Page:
8 Clusters 1 (2) 2 (18) 3 (99) 4 (860) 5 (1536) 6 (3049) kilometers Figure 1. Amenities clusters Brasil. Positive change (256) No change (5096) Negative change (212) kilometers Figure 2. Location of municipalities with the potential for agglomerates Brasil. Open Access 99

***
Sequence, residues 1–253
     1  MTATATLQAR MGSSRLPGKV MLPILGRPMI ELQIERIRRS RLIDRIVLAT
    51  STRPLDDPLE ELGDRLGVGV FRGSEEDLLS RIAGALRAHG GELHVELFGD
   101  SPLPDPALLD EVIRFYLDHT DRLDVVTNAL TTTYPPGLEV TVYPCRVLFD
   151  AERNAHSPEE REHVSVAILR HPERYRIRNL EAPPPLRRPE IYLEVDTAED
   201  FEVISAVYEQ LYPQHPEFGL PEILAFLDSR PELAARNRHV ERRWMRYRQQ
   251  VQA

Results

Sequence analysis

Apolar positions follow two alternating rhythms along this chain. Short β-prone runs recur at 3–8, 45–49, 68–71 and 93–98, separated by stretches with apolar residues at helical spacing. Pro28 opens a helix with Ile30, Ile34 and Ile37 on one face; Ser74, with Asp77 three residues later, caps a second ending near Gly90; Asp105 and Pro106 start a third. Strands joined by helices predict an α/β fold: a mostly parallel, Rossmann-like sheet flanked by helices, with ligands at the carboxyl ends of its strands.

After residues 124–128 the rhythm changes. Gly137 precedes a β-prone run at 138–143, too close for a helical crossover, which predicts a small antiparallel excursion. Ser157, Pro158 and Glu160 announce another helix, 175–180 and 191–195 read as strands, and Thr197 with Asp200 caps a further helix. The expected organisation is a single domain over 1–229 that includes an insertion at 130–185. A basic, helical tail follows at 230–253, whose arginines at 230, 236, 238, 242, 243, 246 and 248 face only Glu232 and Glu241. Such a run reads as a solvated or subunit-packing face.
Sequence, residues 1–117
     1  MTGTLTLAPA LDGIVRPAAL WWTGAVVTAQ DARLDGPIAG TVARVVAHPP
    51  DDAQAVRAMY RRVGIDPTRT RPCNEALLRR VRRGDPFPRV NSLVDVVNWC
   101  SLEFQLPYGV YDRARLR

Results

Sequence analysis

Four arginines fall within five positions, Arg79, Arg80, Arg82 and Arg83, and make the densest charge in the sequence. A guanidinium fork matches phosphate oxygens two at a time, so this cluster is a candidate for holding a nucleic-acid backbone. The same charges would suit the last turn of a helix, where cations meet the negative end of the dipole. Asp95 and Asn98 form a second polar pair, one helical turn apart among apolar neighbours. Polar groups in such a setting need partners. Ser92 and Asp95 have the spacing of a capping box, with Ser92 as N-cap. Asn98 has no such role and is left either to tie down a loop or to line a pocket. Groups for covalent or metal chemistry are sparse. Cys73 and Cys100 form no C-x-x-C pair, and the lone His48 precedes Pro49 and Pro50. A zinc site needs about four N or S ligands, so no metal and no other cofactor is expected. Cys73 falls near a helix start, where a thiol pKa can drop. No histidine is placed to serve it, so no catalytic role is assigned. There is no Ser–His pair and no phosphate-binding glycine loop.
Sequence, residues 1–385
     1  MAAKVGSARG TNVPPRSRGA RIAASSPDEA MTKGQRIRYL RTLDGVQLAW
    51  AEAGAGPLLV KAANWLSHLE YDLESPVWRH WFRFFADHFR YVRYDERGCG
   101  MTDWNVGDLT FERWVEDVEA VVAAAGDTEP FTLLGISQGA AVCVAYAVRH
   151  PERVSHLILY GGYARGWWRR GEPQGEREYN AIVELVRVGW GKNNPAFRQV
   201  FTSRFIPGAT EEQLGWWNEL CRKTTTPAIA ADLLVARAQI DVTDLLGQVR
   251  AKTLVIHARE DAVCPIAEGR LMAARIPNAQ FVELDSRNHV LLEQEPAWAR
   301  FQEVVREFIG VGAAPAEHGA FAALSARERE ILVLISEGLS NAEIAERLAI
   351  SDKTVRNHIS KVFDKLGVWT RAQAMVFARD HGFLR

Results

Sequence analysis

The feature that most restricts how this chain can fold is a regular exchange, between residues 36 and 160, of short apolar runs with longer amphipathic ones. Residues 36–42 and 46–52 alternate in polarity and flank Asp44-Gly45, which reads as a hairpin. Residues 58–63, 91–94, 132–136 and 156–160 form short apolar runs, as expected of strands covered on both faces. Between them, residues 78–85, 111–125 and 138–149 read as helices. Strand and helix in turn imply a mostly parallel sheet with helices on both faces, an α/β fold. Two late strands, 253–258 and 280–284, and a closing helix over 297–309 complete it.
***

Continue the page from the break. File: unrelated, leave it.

9 kind of welfare amenities capable of influencing choices to live and work in a given locality. In general, the presence of proper conditions for cultural and artistic activities gives dynamism to the regions, since it may improve their image, and thus these regions may become a destination for capital inflows and for the attraction of new business ventures (Perloff, 1979; Throsby, 2001). Furthermore, those activities allow for the inclusion of local populations and contribute to processes of selfrecognition, cohesion and respect to diversity (Cwi, 1980; Bille & Schulze, 2008). Notwithstanding the importance of cultural resources being presented in the territories, the main reasons for cluster strategy are based on the concept of agglomeration economies. In this context, such economies can be translated into cost reductions and/or quality improvements, given the spatial concentration of productive resources. Creative industries are affected by agglomeration economies. The centrality of the cultural sector might stimulate related variety (Frenken et al., 2007; Lazzeretti, 2013) i.e., the (effective and potential) exchange of competencies, innovations and the transfer of knowledge between manufacturing sectors and economic activities. This contributes towards a greater capacity of absorbing innovations from the surroundings, which Lazzeretti (2013) called cross-fertilization. Considering, therefore, the relationship between large endowments of creative resources, which identifies creative places (such as creative industries, the creative class, a creative atmosphere), and the presence of a network of economic, noneconomic and institutional actors, the results indicate that, in terms of amenities, there is still a lot to be accomplished in order to achieve reasonable conditions for good quality of life in the municipalities, particularly for the ones in the North and Northeast regions of Brazil. Such conditions may be seen as bases for development of creative cities or regions, given the close relation between those conditions and the presence of transportation and leisure infrastructure, of skilled labor, and of environmental quality, among others. Despite dealing with aggregate analysis and using secondary data, the cluster analysis shows that cultural and natural amenities, as well as technological development, contribute to the formation of creative regions. In terms of public policies, the orientation of the actions should consider the specificities of these areas, some of which have been pointed out. In the case of the large creative centers, where the creative industry in Brazil is concentrated, issues of accessibility of the population should be stressed, such as transportation infrastructure, public security, prices of tickets. 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